Down at the Ol’ Sallawalla Diner, people don’t tend to look each other in the eye. It ain’t no place for socializing; the folks there are too busy dealin’ with their own worries, let alone those of others. Some would call it the last true refuge of the scarred and lonely. But I got another way of thinkin’ about it.
The Sallawalla Diner ain’t no form of bastion. It ain’t no sanctuary. You can look in all the cold corners, peek under the rotting, wooden floorboards, take apart the whole dang place, but all you’ll find is the illusion of safety. It’s a fake fireplace in the dead of night, a bug zapper bringing in the transient souls who aren’t ready, or aren’t willing, to acknowledge the truth: that the Ol’ Sallawalla is just a pit stop, and everyone needs to leave at some point.
Some folks take longer than others.
Some don’t want to move on, too afraid of what’s waiting just down the road. But they will, in the end. Nobody wants to wind up like the Diggers.
It was years ago, far more than most people here can even remember. A few of the stubborn ones sitting in the back of the Sallawalla might claim they were there, that they managed to get away, but don’t you listen to a word of what they say. No one who was part of that doomed group made it back to tell the tale. It’s all just rumors and heresy now, passed on as a warning to others. But rumors or not, it’s a warning people ain’t gonna try to confirm anytime soon.
Story goes that a young man showed up in the Sallawalla Diner, panting and heaving, sweat and tears pouring down his face. Something awful had happened, but he wasn’t exactly sure what. Didn’t really know who he was, for that matter. That tends to happen to some folks when they first arrive. Names and such from before just don’t seem to hold as much weight here as they used to. People still got feelings though, remnants of the past that haven’t quite slipped away. The more you got, the harder it is to leave, at least from my experience. This kid, well, he was on a whole other level.
He begged, pleaded for someone to help him find his way home, but like I said, the patrons of the Ol’ Sallawalla have enough of their own worries as it is. They stared at their drinks; eyes glazed, mouths silent, and only shook their head. They knew there wasn’t much he could do. There’s only one road away from the Sallawalla, and it only goes forward.
But the kid wasn’t having any of that. He walked right out those doors, stepped off the road, and struck out across the bleak desert of nothingness that stretched on for eternity. Even this didn’t surprise people much. Every so often someone thinks they’re different, that they can stop fate as long as they try hard enough; really push up those sleeves, hunker down, and will it to happen. But even they come back after a little bit. Hard to rebel against infinity.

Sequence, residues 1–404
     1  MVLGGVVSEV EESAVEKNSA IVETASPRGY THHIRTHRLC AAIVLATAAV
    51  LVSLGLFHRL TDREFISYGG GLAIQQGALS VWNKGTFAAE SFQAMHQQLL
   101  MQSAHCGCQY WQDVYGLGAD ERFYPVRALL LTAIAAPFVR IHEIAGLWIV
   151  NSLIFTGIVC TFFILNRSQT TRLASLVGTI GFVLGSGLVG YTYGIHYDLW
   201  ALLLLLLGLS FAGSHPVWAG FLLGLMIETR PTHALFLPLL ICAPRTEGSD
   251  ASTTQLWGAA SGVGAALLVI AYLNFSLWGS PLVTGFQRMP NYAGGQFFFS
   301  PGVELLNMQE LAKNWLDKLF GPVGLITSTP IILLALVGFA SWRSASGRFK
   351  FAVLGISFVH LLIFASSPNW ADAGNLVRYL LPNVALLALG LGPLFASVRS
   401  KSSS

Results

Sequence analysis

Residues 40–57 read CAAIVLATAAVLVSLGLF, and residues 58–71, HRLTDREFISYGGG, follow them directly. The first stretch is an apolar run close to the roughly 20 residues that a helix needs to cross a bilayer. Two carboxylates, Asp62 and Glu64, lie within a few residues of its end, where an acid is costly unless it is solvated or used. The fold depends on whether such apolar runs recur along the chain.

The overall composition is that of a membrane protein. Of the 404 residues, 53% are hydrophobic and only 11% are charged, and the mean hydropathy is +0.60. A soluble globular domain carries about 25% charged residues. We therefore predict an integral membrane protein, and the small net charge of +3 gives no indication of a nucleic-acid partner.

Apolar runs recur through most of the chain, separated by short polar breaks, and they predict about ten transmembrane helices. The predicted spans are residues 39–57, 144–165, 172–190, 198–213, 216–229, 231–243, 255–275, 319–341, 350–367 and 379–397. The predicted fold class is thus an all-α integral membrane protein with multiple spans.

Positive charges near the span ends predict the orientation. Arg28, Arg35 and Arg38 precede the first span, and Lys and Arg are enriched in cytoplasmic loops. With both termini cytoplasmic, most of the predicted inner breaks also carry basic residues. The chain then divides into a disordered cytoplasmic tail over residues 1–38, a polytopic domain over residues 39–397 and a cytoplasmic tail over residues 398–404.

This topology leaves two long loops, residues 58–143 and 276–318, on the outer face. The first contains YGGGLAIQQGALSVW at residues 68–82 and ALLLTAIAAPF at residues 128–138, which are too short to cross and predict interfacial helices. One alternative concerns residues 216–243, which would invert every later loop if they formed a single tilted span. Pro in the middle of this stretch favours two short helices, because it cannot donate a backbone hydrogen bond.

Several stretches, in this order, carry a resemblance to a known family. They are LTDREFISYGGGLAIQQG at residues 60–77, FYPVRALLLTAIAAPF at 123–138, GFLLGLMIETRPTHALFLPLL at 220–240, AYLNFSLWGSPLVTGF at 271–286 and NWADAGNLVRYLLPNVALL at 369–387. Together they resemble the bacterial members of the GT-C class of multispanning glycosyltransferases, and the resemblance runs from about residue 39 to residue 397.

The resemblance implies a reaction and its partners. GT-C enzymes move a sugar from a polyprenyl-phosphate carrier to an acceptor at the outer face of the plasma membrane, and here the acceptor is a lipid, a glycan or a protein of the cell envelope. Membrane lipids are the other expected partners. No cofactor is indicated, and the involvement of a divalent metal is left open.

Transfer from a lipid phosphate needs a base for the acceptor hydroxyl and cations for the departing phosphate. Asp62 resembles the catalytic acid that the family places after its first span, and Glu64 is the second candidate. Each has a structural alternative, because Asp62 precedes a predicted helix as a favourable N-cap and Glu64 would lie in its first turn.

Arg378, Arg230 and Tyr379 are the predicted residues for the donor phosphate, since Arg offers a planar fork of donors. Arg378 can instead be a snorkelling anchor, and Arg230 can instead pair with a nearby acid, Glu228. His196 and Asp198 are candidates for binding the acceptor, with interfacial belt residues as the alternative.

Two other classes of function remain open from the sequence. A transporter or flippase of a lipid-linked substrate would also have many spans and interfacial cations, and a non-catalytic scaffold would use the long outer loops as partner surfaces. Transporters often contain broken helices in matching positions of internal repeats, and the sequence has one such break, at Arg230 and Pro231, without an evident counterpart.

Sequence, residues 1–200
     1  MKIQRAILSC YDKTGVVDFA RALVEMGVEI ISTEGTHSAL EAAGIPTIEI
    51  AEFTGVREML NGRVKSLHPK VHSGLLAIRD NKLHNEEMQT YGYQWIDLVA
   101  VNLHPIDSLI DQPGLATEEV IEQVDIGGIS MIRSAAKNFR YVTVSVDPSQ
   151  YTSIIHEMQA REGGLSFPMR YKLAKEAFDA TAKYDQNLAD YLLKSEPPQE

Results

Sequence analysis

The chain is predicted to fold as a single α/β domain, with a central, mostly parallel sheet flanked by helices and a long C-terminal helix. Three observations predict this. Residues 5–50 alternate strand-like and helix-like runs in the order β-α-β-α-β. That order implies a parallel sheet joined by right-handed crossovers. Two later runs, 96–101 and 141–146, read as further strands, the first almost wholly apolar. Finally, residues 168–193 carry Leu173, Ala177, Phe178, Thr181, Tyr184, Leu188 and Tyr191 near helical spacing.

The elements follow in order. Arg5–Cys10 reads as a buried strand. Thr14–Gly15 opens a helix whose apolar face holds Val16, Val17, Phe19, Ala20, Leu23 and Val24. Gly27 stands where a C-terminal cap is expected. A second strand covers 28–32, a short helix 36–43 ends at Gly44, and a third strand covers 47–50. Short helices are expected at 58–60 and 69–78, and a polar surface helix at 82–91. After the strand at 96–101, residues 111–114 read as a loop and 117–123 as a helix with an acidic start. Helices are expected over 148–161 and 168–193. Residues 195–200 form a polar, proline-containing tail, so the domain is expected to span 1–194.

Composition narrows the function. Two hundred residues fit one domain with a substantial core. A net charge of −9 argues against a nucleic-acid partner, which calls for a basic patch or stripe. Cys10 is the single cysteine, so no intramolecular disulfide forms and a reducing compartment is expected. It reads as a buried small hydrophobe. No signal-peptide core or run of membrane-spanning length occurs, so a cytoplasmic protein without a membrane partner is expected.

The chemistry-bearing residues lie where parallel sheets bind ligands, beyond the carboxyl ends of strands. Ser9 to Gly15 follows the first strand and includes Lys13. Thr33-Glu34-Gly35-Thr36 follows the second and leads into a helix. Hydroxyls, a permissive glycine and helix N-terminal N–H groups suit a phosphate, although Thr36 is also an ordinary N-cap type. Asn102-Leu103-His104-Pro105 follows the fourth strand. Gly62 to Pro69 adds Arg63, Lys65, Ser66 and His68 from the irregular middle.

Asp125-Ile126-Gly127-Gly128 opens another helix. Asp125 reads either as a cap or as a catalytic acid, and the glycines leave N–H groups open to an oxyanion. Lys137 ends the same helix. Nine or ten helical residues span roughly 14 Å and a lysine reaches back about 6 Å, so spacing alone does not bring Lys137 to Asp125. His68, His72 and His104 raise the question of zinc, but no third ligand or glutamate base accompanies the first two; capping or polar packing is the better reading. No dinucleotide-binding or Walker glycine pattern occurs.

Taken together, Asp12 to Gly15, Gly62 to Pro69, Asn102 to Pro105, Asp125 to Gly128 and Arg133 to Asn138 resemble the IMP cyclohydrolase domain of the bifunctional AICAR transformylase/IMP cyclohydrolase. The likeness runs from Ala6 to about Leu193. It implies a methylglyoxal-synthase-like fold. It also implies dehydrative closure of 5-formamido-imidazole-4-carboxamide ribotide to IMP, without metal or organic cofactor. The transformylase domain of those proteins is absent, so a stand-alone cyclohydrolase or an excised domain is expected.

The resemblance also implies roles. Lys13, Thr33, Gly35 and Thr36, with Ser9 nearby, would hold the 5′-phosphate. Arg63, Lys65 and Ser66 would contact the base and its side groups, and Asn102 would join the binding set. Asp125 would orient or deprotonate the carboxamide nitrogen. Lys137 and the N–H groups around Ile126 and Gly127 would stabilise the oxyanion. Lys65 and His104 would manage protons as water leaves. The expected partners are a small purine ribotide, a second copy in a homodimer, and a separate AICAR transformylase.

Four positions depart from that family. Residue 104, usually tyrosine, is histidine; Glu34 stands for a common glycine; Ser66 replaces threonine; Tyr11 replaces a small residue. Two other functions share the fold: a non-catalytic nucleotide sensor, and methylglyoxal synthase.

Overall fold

Until then, that is.
Now, no one around here ever actually saw the kid again, but that don’t mean his influence wasn’t felt. You’d hear stories, how he was building something out there in the nothingness, a workshop of sorts. Looking for volunteers.
It happened slowly, over decades, but once in a while you’d see someone walk right out of the Sallawalla dinner, step off the road, and just keep on going in the wrong direction, out the way the kid had gone, never to return. Maybe his actions had given them hope, a glimmer of a chance that things could be different. Maybe they were just curious. Either way, hundreds of folks left to work for him out there, disappearing off into the abyss. They were betting their fate on an unknown hand, but the kid had given them something they hadn’t had for years: a choice.
The stories continued, and evolved. Whatever they had been building had long since been finished, and now, after centuries of work, the next stage was ready. The digging had begun.
Even those at the Sallawalla felt it, small tremors below the ground, faint aftershocks that extended from out in the vast ether, like the ripples from a rock thrown into the ocean. No one seemed to mind. At least it was something different.
Then one day, there was a scream, from off in the distance. It was the sound of thousands of voices crying out in terror, and then immediately silenced in one sweeping rush.
We didn’t get any more tremors after that.
What had happened to the Diggers? There wasn’t any way of knowing, and people didn’t particularly feel like trying to check. But there wasn’t a single person from that group that ever returned.
Soon after, things went back to normal. No one strayed from the road, or went the wrong way. The Sallawalla grew full again. Fate reclaimed its rightful place, and that’s the way it’s been to this day.
What were the Diggers looking for? I wouldn’t be able to tell you for sure, but everyone’s got an opinion. Whatever it was, they hoped it would save them; that it could take them back to the home they had long since abandoned, the world that had passed them by.
But you know what? I don’t think they found something out there, deep beyond the outer crusts of stars and hopelessness. Not exactly.
They didn’t find something…but something found them.